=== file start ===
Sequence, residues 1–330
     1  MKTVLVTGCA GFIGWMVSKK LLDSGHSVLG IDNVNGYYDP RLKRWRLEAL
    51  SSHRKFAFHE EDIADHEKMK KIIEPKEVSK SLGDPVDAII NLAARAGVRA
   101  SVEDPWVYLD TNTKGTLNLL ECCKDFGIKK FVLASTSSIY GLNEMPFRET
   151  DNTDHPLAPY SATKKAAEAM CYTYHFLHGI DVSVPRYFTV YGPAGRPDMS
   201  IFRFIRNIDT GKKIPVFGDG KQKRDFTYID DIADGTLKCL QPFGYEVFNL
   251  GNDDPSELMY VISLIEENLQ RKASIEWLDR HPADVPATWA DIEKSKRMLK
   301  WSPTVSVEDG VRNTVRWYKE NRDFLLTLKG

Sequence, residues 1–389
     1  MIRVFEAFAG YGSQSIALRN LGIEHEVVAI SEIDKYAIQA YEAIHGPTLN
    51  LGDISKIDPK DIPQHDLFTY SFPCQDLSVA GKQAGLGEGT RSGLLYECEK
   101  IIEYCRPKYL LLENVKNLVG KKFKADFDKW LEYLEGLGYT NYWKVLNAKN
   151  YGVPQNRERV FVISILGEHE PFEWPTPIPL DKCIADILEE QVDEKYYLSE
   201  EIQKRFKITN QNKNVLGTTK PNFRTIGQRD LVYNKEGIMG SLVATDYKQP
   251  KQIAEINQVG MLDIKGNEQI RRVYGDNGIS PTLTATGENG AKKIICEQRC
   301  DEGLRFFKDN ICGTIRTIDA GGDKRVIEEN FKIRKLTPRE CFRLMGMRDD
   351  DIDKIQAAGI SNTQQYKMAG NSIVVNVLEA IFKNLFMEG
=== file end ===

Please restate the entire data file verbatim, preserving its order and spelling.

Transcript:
Sequence, residues 1–330
     1  MKTVLVTGCA GFIGWMVSKK LLDSGHSVLG IDNVNGYYDP RLKRWRLEAL
    51  SSHRKFAFHE EDIADHEKMK KIIEPKEVSK SLGDPVDAII NLAARAGVRA
   101  SVEDPWVYLD TNTKGTLNLL ECCKDFGIKK FVLASTSSIY GLNEMPFRET
   151  DNTDHPLAPY SATKKAAEAM CYTYHFLHGI DVSVPRYFTV YGPAGRPDMS
   201  IFRFIRNIDT GKKIPVFGDG KQKRDFTYID DIADGTLKCL QPFGYEVFNL
   251  GNDDPSELMY VISLIEENLQ RKASIEWLDR HPADVPATWA DIEKSKRMLK
   301  WSPTVSVEDG VRNTVRWYKE NRDFLLTLKG

Sequence, residues 1–389
     1  MIRVFEAFAG YGSQSIALRN LGIEHEVVAI SEIDKYAIQA YEAIHGPTLN
    51  LGDISKIDPK DIPQHDLFTY SFPCQDLSVA GKQAGLGEGT RSGLLYECEK
   101  IIEYCRPKYL LLENVKNLVG KKFKADFDKW LEYLEGLGYT NYWKVLNAKN
   151  YGVPQNRERV FVISILGEHE PFEWPTPIPL DKCIADILEE QVDEKYYLSE
   201  EIQKRFKITN QNKNVLGTTK PNFRTIGQRD LVYNKEGIMG SLVATDYKQP
   251  KQIAEINQVG MLDIKGNEQI RRVYGDNGIS PTLTATGENG AKKIICEQRC
   301  DEGLRFFKDN ICGTIRTIDA GGDKRVIEEN FKIRKLTPRE CFRLMGMRDD
   351  DIDKIQAAGI SNTQQYKMAG NSIVVNVLEA IFKNLFMEG